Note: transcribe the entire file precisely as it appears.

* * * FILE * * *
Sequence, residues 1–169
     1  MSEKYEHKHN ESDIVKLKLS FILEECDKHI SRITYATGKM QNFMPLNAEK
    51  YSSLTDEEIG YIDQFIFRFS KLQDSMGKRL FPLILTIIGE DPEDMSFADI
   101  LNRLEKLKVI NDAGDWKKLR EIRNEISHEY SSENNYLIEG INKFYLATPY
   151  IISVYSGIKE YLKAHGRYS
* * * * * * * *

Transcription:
Sequence, residues 1–169
     1  MSEKYEHKHN ESDIVKLKLS FILEECDKHI SRITYATGKM QNFMPLNAEK
    51  YSSLTDEEIG YIDQFIFRFS KLQDSMGKRL FPLILTIIGE DPEDMSFADI
   101  LNRLEKLKVI NDAGDWKKLR EIRNEISHEY SSENNYLIEG INKFYLATPY
   151  IISVYSGIKE YLKAHGRYS